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ePub At Play in Belfast: Children's Folklore and Identities in Northern Ireland (Series in Childhood Studies) download

by Donna Lanclos

ePub At Play in Belfast: Children's Folklore and Identities in Northern Ireland (Series in Childhood Studies) download
Author:
Donna Lanclos
ISBN13:
978-0813533216
ISBN:
081353321X
Language:
Publisher:
Rutgers University Press (May 15, 2003)
Category:
Subcategory:
Mythology & Folk Tales
ePub file:
1201 kb
Fb2 file:
1165 kb
Other formats:
mobi lrf lit mbr
Rating:
4.5
Votes:
769

Series: Rutgers Series in Childhood Studies.

Series: Rutgers Series in Childhood Studies. Paperback: 224 pages. ISBN-13: 978-0813533223. Product Dimensions: 6 x . x 9 inches. Back to top. Get to Know Us. Careers.

Donna M. Lanclos writes about children on the school playgrounds of wo. .Lanclos explores children's folklore, including skipping rhymes, clapping games, and "dirty" jokes, from five Belfast primary schools (two Protestant, two Catholic, and one mixed). She listens for what she can learn about gender, family, adult-child interactions, and Protestant/Catholic tensions. Lanclos frequently notes violent themes in the folklore and conversations that indicate children are aware of the reality in which they live.

For Lanclos, children's experiences stimulate discussions about culture and society. In her words, "Children's everyday lives are more than just preparation for their futures, but are life itself. Donna M. Lanclos writes about children on the school playgrounds of working-class Belfast, Northern Ireland, using their own words to show how they shape their social identities. Lanclos writes about children on the school playgrounds of working-class Belfast . The notion that children's voices and perspectives must be included in a work about childhood is central to the book. Lanclos writes about children on the school playgrounds of working-class Belfast, Northern Ireland, using their own words to show how they shape their.

At play in belfast: Children's folklore and identities in Northern Ireland. LS Connaway, DM Lanclos, EM Hood. The Library in the Life of the User, 173, 2015. Rutgers University Press, 2003. Re-imagining the users' experience: an ethnographic approach to web usability and space design.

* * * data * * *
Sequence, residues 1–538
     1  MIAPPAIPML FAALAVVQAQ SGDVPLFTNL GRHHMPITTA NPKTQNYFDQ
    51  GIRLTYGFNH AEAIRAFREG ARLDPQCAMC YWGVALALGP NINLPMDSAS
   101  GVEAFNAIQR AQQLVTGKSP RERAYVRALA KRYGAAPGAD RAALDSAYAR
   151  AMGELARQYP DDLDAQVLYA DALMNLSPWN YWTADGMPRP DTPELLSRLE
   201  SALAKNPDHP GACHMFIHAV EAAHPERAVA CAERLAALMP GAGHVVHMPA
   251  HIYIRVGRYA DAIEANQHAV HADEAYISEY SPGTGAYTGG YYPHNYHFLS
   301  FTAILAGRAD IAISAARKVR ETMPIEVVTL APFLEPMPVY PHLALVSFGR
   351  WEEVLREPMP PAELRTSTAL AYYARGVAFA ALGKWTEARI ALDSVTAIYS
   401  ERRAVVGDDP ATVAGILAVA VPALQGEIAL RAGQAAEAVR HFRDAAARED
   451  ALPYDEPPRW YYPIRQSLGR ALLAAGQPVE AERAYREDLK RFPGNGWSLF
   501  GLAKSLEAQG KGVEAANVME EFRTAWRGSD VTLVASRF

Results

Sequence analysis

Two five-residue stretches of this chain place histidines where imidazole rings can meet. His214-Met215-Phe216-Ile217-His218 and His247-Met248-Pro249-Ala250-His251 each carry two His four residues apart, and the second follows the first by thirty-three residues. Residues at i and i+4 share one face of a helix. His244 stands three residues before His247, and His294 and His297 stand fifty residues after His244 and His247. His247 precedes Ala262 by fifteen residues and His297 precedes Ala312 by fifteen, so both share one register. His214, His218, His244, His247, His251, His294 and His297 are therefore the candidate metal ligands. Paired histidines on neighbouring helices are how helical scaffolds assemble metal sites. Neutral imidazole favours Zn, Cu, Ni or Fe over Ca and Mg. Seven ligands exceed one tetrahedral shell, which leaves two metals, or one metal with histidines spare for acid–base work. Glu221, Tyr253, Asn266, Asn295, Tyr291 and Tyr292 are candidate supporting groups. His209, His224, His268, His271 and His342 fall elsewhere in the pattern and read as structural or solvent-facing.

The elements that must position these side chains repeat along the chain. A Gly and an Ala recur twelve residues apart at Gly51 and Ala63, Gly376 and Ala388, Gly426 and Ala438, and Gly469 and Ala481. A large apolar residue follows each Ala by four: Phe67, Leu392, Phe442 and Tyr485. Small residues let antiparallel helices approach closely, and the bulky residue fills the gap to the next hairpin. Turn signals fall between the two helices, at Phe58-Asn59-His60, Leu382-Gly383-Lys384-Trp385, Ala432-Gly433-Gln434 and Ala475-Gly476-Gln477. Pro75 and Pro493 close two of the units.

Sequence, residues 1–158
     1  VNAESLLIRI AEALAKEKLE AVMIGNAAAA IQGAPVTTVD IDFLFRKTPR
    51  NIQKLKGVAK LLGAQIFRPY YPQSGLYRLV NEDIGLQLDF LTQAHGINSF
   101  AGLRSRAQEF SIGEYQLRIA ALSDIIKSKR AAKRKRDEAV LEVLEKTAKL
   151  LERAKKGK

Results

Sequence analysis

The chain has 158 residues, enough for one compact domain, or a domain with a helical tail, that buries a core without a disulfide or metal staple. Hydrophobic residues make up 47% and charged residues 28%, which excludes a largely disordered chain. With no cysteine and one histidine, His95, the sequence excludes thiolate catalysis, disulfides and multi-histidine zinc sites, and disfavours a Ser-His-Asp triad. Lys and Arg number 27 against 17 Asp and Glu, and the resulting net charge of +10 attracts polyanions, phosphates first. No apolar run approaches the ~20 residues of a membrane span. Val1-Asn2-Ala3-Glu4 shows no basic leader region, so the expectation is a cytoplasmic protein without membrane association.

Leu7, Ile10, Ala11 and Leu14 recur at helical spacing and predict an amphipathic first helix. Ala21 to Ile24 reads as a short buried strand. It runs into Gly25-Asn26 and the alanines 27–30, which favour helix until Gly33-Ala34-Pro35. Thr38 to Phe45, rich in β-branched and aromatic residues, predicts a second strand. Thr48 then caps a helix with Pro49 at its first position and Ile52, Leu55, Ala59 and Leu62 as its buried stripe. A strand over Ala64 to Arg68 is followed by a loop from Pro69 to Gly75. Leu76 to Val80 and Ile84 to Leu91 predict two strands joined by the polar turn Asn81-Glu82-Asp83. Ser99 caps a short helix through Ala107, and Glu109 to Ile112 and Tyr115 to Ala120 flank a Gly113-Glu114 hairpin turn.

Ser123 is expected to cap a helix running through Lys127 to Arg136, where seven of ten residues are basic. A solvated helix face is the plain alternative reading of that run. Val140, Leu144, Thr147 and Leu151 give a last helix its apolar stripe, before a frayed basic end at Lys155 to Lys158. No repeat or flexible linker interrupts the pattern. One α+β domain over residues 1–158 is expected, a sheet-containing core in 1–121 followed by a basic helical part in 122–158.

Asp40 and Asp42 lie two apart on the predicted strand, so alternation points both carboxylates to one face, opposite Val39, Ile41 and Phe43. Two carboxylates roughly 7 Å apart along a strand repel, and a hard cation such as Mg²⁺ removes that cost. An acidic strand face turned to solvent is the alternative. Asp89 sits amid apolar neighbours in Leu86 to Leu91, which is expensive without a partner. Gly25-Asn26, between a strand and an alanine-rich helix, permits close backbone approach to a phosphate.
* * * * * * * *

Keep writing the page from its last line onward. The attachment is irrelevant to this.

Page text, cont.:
Lanclos, Donna M. 2003. At play in Belfast, Children's folklore and identities in Northern Ireland. New Brunswick: Rutgers University Press. xiv + 209 pp. Hb: £4. 0. ISBN: 0 X. Pb: £1. 5. ISBN: 0 8. HELENA WULFF (a1).

Donna M. Lanclos, At play in Belfast: children's folklore and identities in Northern Ireland, Rutgers University Press . Lanclos, At play in Belfast: children's folklore and identities in Northern Ireland, Rutgers University Press, 2003, p. 165. ^ Colin Valley FC Honours. Heather Hamill, The hoods: crime and punishment in Belfast, Princeton University Press, 2010, pp. 25–27. The marginalization of children and childhood, it is proposed, has obscured our understanding of how cultural forms emerge and why they are sustained. New Brunswick, NJ: Rutgers University Press. Introduction In Urban Girls: Resisting Stereotypes, Creating Identities Small Wars: The Cultural Politics of Childhood. Two case studies, exploring North American children's beliefs about social contamination, illustrate these points.

At play in Belfast: children’s folklore and identities in Northern Ireland. Chapter 2, ‘Rudeness and defining the line between child and adult’. American Anthropologist. Friday 3 August – Lecture 5: Adolescence. This lecture explores debates within psychology and anthropology about the ‘universal’ status of adolescence. Is adolescence always a time of ‘storm and stress’, or is this a cultural construction of the West? How might teenagers experience their lives in other cultures?

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Donna M. Lanclos writes about children on the school playgrounds of working-class Belfast, Northern Ireland, using their own words to show how they shape their social identities. The notion that children's voices and perspectives must be included in a work about childhood is central to the book. Lanclos explores children's folklore, including skipping rhymes, clapping games, and "dirty" jokes, from five Belfast primary schools (two Protestant, two Catholic, and one mixed). She listens for what she can learn about gender, family, adult-child interactions, and Protestant/Catholic tensions. Lanclos frequently notes violent themes in the folklore and conversations that indicate children are aware of the reality in which they live. But at the same time, children resist being marginalized by adults who try to shield them from this reality.

For Lanclos, children's experiences stimulate discussions about culture and society. In her words, "Children's everyday lives are more than just preparation for their futures, but are life itself."

At Play in Belfast is a volume in the Rutgers Series in Childhood Studies, edited by Myra Bluebond-Langner.